A contrary view is expressed in Charlesworth v. Hipsh, Inc., 8 Cir., 84 F.2d 834, 835. That case involved an action by a trustee to recover a payment made to creditors of a bankrupt out of the proceeds of a bulk sale, as a preference. The trustee contended that the payment was voidable under the Missouri Bulk Sales Act; but the court held that the Missouri Bulk Sales Act was inapplicable, and even if applicable, the ninety-day-limitation period had expired; and this statute of limitations was not tolled by the old Section 11, sub. d of the Bankruptcy Act, 11 U.S.C.A. § 29, sub. d. This ruling was therefore not necessary to a decision of the case, and must be regarded as only dictum. In addition, it appears to us that the authorities cited, Charlesworth v. Hipsh, supra; The Harrisburg, 119 U.S. 199, 7 S. Ct. 140, 30 L. Ed. 358; Western Fuel Co. v. Garcia, 257 U.S. 233, 42 S.C. 89, 66 L. Ed. 210, are not in point, as they are admiralty cases where there was no common law or statutory right to recover for death on the high seas; and the admiralty court applied a state statute allowing recovery in a civil action for wrongful death. The case of Ford, Bacon & Davis, Inc. v. Volentine, 5 Cir., 64 F.2d 800, cited in support of the decision in the case of Charlesworth v. Hipsh, supra, was a suit in a Federal court by reason of diversity of citizenship; and the question at issue was whether the statute of limitation of Mississippi or Louisiana should apply. Then, too, in the Charlesworth case, the court was considering Section 11, sub. d, of the Bankruptcy Act of 1898. This section read as follows:
"Suits shall not be brought by or against a trustee of a bankrupt estate subsequent to two years after the estate has been closed." That is quite different from the new Section 11, sub. e, hereinbefore quoted, which gives the trustee two years from the date of adjudication to sue on "any claim against which the period of limitation fixed by Federal or State law had not expired at the time of the filing of the petition in bankruptcy."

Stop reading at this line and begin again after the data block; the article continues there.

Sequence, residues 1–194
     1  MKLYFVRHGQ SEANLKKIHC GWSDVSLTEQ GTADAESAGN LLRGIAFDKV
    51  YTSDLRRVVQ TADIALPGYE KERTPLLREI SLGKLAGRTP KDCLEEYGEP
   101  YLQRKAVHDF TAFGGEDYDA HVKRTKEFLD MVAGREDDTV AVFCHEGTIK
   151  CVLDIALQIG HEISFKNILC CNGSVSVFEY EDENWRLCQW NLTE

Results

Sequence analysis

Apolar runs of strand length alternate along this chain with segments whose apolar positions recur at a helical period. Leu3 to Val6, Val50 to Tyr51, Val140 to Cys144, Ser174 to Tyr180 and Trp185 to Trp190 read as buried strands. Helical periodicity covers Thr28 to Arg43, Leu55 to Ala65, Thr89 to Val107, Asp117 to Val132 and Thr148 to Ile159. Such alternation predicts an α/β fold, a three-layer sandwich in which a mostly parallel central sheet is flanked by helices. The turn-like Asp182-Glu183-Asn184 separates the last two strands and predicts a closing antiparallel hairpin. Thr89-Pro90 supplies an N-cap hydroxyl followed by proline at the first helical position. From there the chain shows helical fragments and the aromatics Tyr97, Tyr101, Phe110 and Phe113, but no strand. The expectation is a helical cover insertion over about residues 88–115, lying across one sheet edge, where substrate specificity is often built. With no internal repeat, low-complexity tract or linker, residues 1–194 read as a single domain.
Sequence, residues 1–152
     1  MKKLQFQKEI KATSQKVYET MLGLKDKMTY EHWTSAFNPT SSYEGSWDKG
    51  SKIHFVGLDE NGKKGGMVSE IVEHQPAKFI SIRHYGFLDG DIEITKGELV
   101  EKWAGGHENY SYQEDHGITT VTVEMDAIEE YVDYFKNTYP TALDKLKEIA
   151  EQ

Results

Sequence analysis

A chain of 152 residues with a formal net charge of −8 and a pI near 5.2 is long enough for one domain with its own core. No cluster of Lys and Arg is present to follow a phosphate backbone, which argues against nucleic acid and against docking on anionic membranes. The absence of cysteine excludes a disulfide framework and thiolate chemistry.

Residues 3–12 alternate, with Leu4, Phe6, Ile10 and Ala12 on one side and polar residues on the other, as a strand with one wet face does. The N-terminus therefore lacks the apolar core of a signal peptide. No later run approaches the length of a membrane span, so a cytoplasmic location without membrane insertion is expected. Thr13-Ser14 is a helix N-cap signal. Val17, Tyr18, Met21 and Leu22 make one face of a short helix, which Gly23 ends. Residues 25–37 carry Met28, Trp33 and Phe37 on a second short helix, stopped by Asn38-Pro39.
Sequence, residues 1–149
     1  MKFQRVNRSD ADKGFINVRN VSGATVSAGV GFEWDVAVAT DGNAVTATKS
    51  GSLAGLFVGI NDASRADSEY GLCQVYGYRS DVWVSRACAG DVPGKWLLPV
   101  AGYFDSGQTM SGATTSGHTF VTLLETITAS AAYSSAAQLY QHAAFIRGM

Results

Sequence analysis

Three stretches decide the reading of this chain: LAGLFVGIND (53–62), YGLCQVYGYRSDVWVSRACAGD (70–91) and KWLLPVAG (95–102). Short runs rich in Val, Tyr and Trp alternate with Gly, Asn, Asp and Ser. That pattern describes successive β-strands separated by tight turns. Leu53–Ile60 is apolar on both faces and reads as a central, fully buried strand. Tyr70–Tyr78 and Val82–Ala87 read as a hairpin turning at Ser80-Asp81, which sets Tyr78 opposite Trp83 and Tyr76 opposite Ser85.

The legislative history of Section 11 clearly indicates Congress was introducing a new provision into the law to cover situations such as exists in the instant case. See original Judiciary Committee Print of the Chandler Act on H.R. 12889, 74th Congress, 2nd Session H.R. 8046, as will be seen by the following foot note to Section 11:
"The principal changes proposed in this Section are:
"An extension of the limitation to receivers.
"A new provision whereunder receivers and trustees may bring action upon claims expiring by state laws between the date of the filing of the petition and the date of adjudication.
"A new provision whereunder the operation of state statutes of limitation is suspended."
This all leads us to the conclusion that defendant's motion to dismiss must be denied, whether the statute of limitations bars either the right or the remedy, for as we view the law, the state statute as to limitation must yield to the requirements of bankruptcy administration. See Van Huffel v. Harkelrode, 284 U.S. 225, 228, 52 S. Ct. 115, 76 L. Ed. 256, 78 A.L.R. 453.
Then, too, we are of the opinion that, even though Section 11, sub. e, should be held not to apply to the instant case, yet the motion must be denied in view of the fact that plaintiff started proceedings in the bankruptcy court for an injunction and summary relief for the reclamation of this property within the ninety-day period fixed by the Pennsylvania Act, which proceeding was supplemented by the plenary suit here pending.
The plaintiff further contends that the date of consummation of the sale is the date from which the Pennsylvania statute of limitations begins to run; that there is nothing of record in the case to show the date of consummation of the sale; and that therefore there are no facts upon the record from which the court can make a computation of the ninety-day period. However, the complaint said in paragraph 4 that the bankrupt sold these vending machines on November 1, 1939. We consider that a sufficient averment of the date of consummation of the sale.
An order in accordance with this opinion may be submitted.